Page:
A case of pain insensitivity was described in a 12-year-old girl with a de novo interstitial deletion at the long arm of chromosome 4 between band q31.3 and q32.2 (Cr4 del q31.3 to q32.2). The deletion included the TECPR2 gene (14q32.31). The clinical picture showed developmental delay, multiple congenital abnormalities, and moderate intellectual disability (IQ 47). In history, there was no evidence of pain perception to injuries, which normally evoke pain and, in turn, absent grimacing or crying after falls, cuts, or bruises. It induced severe disability caused by painless injuries and bone fractures. The neurological examination manifested a high pain threshold with preserved tactile sensitivity [65].

4. Research and Perspectives

The Nav1.7 channel is a key element in the nociception pathway. In mouse acute/chronic pain models, Shields et al. [66] showed that Nav1.7 inhibitors (i.e., the acylsulfonamide compounds GX-201 and GX-585) can have an important antinociceptive activity after a single dose. Ralfinamide is a Nav and calcium channels blocker and induces sensitization of CNS neurons, through NMDA-receptor modulation. Preclinical studies on this molecule showed anti-nociceptive activity in the animal models of neuropathic pain [67], but clinical efficacy should be better proved. Based on ralfinamide, other molecules, such as the (S)-2-((3-(4-((2-fluorobenzyl) oxy) phenyl) propyl) amino) propanamide (QLS-81), were preclinically evaluated [68]. An interesting computer-aided drug discovery study yielded a new Nav1.7 inhibitor (DA-0218); it could be helpful against paclitaxel-induced CIPN [69]. The translational research must necessarily provide further details to verify the clinical efficacy and safety of these compounds.
The nociception selectivity of these potential pain killers is the key to their clinical use. Although several sodium channel-blocking anticonvulsants, such as carbamazepine and lamotrigine, are commonly used against neuropathic pain, their poor selectivity for sodium channel isoforms is a great limitation. For example, the Nav1.7 channel is expressed widely in all sensory neuron subtypes (including olfactory neurons) apart from proprioceptors. It is also found in the hypothalamus and some parenchyma, such as the pancreas [70]. On these bases, Weiss et al. [71] proved that several Nav1.7 loss-of-function mutations cause anosmia. Novel Nav1.7-targeted analgesic drugs should be highly selective for DRG terminals.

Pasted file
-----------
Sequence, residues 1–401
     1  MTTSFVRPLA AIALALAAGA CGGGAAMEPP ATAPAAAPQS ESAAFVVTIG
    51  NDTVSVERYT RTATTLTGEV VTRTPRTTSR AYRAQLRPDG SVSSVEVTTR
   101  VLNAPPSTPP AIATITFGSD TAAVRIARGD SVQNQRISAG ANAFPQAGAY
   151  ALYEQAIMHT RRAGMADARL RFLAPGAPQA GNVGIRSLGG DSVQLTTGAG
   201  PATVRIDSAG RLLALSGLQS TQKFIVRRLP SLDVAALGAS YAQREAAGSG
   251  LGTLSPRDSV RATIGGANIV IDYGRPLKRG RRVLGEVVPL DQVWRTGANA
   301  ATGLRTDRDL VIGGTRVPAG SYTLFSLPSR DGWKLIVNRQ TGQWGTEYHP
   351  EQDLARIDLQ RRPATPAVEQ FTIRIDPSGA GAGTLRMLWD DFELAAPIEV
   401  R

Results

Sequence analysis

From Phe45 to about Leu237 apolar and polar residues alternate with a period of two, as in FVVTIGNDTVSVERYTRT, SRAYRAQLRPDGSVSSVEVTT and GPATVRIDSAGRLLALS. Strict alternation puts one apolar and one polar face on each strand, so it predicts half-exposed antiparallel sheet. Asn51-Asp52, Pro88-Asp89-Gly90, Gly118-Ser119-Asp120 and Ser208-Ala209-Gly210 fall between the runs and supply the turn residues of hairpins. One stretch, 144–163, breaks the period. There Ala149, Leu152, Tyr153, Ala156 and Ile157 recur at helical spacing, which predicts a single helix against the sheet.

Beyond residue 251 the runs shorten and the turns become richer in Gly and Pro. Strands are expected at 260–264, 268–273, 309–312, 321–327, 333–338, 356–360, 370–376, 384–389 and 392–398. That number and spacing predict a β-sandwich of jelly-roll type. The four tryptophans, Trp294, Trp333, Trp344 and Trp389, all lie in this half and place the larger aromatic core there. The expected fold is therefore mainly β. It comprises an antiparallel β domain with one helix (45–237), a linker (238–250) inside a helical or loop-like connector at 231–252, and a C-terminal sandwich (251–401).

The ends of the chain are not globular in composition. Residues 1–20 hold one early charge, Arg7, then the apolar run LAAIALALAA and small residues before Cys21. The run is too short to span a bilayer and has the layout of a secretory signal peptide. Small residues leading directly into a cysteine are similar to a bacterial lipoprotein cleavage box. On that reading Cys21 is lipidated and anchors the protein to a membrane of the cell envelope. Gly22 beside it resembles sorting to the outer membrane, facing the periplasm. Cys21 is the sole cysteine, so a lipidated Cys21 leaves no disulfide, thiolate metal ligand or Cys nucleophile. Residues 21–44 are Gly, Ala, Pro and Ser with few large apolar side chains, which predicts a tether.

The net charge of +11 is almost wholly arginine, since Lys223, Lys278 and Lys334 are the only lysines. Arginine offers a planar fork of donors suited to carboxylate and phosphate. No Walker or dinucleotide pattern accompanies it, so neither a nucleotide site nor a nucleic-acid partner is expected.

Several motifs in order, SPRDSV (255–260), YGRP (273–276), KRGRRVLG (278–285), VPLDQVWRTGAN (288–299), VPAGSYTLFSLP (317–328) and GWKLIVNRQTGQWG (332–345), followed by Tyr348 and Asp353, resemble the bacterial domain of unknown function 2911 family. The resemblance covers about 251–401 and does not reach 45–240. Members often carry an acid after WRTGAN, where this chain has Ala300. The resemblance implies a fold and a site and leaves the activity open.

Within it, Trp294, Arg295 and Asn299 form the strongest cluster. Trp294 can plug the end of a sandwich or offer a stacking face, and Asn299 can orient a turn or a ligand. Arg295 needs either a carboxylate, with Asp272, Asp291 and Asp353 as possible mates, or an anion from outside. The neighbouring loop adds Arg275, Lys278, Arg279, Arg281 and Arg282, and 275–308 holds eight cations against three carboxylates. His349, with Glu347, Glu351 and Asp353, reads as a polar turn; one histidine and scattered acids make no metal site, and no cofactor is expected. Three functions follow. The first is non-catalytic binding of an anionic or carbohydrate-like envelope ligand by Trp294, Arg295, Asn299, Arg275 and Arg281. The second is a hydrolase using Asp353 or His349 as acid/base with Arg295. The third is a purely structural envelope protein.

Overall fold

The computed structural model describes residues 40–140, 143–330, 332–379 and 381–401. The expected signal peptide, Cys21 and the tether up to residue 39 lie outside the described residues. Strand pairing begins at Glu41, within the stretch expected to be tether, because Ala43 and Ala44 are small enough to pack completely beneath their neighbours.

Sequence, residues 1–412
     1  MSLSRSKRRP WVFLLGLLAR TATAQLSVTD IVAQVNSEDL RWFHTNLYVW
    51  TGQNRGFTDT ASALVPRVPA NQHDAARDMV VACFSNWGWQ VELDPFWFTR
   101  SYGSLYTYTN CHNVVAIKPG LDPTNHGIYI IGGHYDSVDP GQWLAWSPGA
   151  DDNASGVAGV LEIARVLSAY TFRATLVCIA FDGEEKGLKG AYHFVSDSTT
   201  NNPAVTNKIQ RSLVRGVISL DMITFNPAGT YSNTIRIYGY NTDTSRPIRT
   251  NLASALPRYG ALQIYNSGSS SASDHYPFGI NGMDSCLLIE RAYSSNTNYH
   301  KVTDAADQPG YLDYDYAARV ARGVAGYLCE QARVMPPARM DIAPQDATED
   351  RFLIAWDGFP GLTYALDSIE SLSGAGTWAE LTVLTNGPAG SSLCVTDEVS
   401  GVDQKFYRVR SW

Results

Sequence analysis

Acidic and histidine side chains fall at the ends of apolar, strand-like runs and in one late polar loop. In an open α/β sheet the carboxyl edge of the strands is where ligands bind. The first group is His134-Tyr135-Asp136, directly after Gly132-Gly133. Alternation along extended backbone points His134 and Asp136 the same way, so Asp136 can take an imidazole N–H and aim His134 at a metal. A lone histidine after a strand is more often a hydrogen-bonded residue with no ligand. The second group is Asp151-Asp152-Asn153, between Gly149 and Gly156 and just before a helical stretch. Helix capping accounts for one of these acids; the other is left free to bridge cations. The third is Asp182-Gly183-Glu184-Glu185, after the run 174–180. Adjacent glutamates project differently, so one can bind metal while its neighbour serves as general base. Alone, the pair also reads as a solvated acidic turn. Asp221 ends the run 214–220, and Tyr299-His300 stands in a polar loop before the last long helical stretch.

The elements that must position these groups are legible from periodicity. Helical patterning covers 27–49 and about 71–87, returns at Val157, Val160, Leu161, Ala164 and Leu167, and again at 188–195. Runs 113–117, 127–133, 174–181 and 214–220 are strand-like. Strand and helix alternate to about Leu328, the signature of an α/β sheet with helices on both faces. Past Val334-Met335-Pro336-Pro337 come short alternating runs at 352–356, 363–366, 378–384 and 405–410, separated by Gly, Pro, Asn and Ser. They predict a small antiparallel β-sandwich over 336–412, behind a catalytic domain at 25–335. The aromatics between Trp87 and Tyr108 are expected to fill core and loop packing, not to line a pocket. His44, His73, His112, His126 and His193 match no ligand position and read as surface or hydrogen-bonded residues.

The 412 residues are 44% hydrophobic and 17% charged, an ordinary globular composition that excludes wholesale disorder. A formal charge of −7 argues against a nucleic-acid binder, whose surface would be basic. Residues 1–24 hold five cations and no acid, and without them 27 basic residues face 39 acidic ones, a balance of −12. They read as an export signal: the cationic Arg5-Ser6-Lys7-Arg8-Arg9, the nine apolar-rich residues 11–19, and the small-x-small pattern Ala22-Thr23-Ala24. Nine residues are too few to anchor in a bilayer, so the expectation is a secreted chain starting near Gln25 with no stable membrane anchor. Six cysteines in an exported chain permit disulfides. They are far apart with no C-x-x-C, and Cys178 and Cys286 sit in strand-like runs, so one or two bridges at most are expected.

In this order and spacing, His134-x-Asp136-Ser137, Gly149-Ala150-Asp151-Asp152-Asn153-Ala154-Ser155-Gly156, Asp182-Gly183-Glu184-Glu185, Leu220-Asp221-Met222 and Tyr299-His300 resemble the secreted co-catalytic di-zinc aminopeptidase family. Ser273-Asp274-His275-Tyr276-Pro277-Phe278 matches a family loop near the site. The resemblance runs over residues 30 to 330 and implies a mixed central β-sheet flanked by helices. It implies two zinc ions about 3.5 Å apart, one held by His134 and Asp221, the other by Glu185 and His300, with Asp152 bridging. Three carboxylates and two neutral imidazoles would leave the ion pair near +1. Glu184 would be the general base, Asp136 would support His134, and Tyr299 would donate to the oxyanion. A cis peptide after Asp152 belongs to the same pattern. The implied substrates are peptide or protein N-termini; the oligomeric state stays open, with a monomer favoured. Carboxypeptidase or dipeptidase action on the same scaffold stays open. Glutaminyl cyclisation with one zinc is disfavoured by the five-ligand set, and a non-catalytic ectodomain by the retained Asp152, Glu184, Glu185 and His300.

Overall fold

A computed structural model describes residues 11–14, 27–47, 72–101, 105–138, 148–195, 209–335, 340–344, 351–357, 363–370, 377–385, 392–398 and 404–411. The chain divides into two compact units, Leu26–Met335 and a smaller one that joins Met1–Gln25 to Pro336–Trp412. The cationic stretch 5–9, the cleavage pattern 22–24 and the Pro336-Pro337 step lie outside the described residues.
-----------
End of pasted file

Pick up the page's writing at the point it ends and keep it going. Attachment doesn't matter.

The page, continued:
An interesting field of study is the role of modulatory analgesic pathways on the NaV1.7 signaling. The link between the Nav17-based nociceptor functioning and the opioid system falls within this scope. Pereira et al. [72] showed that Nav1.7 loss of function requires activation of μ- and δ-opioid receptors.
Gain-of-function of Nav 1.9 sodium channel subunits could also offer interesting research perspectives. As Sopacua et al. [73] suggested, several findings could be achieved by the study of small-fiber neuropathy. It is a disorder of thinly myelinated Aδ and unmyelinated C fibers due to gain-of-function variants of genes encoding for the Nav 1.9 and other channel subtypes.
The NTRK1 gene (or TrkA) encodes for the neurotrophic tyrosine kinase receptor (NTKR) family. It binds NGF [23] and its mutations can lead to HSAN-IV (or CIPA). Several pieces of research focused on the NGF/TrkA signaling as a therapeutic target for pain [74] and other aims, such as anticancer actions [75]. Research must clarify the efficacy and safety profiles of these molecules as the pathway is involved in a wide range of biological effects [23].
Furthermore, the preclinical research can develop an ad hoc animal model for investigating peripheral/central neuropathy. For instance, recently, Tamim-Yecheskel et al. [76] generated a TECPR2 knockout mouse model that exhibits behavioral pathologies observed in HSAN-IX. Model features include sensory and gait defects, abnormalities in motor coordination, hypersensitivity to thermal stimuli, and peripheral/central neuronal/fibers damages. This approach can be useful for studying neurodegenerative diseases and verifying potential links between the pathways of nociception and other intracellular signaling processes, such as those regarding cancer biology [77]. In addition, it could also offer important information for the development of molecules useful for the prevention or treatment of peripheral neuropathies, such as CIPN [78].
Finally, research must verify the functioning differences between the peripheral receptors (nerve endings) and the central medullary ones about NaV1.7 channels. The explanation for the failure of peripherally targeted NaV1.7 inhibitors can be found in this difference. Interestingly, MacDonald et al. [79] demonstrated that the central NaV1.7 terminal is associated with opioid signaling. Thus, a therapeutic strategy through a combination of opioids and centrally Nav1.7-targeted agents should require a necessary in-depth study.
Several clinical investigations are ongoing to evaluate the efficacy of potential therapeutic strategies, to better define the pathophysiology, and to build datasets on clinical features of hereditary pain disorders (Table 4).

5. Conclusions